To find or create a good deal, you first have to make a list of all available options and resources. Resources include who you know who might be able to get you in somewhere. You then have to visit these places to assess the location and feel out the possibilities, as well as talk to the people to build rapport and get good favor on your side. You then have to explore the possibilities by framing the conversations in a way that helps you.

By framing the conversation, I mean you should look at it from their point of view first and offer yourself as a solution to their problem. You can present what you do as a benefit that adds value to their location. For instance, if they need additional funds in the form of rent or in the form of donations, then you can help them get that rent or raise that money by having your clients contribute. You can also do something professional to get their attention. For instance, you can FedEx or UPS or US Priority Mail a big envelope to the owner of the facility that they have to sign for so you know they got it, letting them know you are serious about working with them to set yourself up above all other competitors.

In your FedEx letter proposal you outline how your business is going to bring in potentially hundreds of people over the course of the year, and all of those people will be seeing the business that you are partnering with and referring to that business. If you are marketing to a for-profit business, this is the best type of bait to use. As opposed to looking like the humble trainer for the community center, in this case you look like a professional who is bringing money into the other business. A gymnastics facility is looking for kids to join the program, right? Well you are bringing in lots of moms in the area! Those moms have kids; those kids may join the facility later in the day. You need to make this clear in your explanation of how you add value. You can cross promote with the facility to accomplish this. Also in your letter, you can let them know that you are looking to build a long-term relationship and are ready to commit. If you are in a competitive market, you might even include an earnest money check for a few hundred dollars to show your commitment.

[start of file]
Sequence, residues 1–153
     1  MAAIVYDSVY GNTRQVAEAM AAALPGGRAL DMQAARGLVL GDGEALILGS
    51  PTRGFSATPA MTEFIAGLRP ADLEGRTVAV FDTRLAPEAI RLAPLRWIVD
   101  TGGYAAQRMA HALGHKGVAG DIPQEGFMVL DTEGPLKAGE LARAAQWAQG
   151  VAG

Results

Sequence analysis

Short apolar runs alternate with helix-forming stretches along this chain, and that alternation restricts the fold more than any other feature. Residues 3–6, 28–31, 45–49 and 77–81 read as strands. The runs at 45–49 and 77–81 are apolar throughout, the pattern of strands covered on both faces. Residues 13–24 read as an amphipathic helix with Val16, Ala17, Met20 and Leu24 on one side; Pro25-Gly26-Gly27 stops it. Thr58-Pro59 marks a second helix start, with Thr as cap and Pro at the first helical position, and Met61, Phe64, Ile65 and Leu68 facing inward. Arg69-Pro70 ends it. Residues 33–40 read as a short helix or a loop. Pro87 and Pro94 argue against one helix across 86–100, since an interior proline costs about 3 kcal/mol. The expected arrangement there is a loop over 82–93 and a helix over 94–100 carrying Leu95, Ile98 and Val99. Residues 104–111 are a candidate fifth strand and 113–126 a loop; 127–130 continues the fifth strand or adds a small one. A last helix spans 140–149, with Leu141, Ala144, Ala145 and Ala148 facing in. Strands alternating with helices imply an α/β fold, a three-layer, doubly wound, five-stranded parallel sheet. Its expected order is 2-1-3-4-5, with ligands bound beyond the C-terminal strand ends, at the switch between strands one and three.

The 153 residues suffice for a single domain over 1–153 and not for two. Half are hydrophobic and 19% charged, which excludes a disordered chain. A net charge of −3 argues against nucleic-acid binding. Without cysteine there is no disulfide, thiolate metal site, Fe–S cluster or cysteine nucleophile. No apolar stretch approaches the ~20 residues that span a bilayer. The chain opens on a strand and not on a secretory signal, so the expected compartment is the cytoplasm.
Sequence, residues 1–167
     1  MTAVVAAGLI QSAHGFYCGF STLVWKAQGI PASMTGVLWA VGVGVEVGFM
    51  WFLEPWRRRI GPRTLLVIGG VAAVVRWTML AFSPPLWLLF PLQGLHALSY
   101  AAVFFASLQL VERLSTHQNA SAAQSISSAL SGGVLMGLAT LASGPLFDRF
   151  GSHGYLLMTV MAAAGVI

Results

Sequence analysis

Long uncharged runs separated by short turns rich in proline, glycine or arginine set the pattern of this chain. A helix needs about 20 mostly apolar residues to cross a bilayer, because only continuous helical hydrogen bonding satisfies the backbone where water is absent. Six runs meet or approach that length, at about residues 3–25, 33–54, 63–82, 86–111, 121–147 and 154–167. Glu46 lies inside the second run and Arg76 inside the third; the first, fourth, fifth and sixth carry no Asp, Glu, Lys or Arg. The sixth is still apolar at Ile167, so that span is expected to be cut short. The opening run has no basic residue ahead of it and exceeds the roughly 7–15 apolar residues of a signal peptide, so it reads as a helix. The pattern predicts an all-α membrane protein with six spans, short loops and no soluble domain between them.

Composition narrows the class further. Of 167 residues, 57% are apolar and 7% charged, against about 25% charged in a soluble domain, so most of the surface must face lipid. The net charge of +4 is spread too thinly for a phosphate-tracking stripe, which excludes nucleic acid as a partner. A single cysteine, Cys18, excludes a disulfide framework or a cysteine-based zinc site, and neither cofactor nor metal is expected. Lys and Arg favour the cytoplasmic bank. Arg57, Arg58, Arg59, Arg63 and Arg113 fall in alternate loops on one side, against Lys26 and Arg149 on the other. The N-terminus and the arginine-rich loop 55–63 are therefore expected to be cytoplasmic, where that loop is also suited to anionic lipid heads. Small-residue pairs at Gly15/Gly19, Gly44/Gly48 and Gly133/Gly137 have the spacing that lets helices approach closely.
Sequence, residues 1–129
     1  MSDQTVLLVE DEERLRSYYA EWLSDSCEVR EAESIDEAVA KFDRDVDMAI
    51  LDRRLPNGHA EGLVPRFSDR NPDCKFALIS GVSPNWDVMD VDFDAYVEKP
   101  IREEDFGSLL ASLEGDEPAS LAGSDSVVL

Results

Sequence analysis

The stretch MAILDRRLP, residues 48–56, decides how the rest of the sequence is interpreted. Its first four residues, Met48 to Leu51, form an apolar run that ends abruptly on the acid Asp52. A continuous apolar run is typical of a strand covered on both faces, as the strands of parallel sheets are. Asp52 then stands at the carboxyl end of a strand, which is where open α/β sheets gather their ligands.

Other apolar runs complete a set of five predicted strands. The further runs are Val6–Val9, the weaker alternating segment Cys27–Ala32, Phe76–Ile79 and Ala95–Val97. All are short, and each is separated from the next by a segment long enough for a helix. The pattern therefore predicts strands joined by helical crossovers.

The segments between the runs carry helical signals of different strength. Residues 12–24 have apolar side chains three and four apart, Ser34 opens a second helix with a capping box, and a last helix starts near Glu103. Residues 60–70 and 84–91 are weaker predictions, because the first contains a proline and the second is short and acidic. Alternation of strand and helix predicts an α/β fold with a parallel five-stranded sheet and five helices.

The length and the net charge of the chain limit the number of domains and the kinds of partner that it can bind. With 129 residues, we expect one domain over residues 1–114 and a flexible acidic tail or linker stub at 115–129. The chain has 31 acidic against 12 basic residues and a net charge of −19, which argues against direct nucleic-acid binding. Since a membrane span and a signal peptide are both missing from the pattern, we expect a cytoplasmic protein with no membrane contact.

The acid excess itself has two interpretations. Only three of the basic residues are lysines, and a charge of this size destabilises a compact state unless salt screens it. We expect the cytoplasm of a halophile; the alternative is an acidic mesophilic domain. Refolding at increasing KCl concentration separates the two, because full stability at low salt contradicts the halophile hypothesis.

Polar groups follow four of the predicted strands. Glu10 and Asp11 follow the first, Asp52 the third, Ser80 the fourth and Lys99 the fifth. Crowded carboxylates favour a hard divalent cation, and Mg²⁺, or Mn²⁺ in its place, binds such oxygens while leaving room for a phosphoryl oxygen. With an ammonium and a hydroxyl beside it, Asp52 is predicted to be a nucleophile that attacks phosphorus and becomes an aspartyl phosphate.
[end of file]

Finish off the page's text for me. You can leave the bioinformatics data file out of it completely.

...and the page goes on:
Remember this: You CAN find and/or create a great deal to get your location going. You just have to have belief and faith in your ability to perform and someone is going to respond in a positive way. Where there is a will there is a way and you must persist until you find a place to start.

Next time, we will discuss Indoor vs. Outdoor Strategies.

Check out a proven fitness boot camp business model for you to use right here.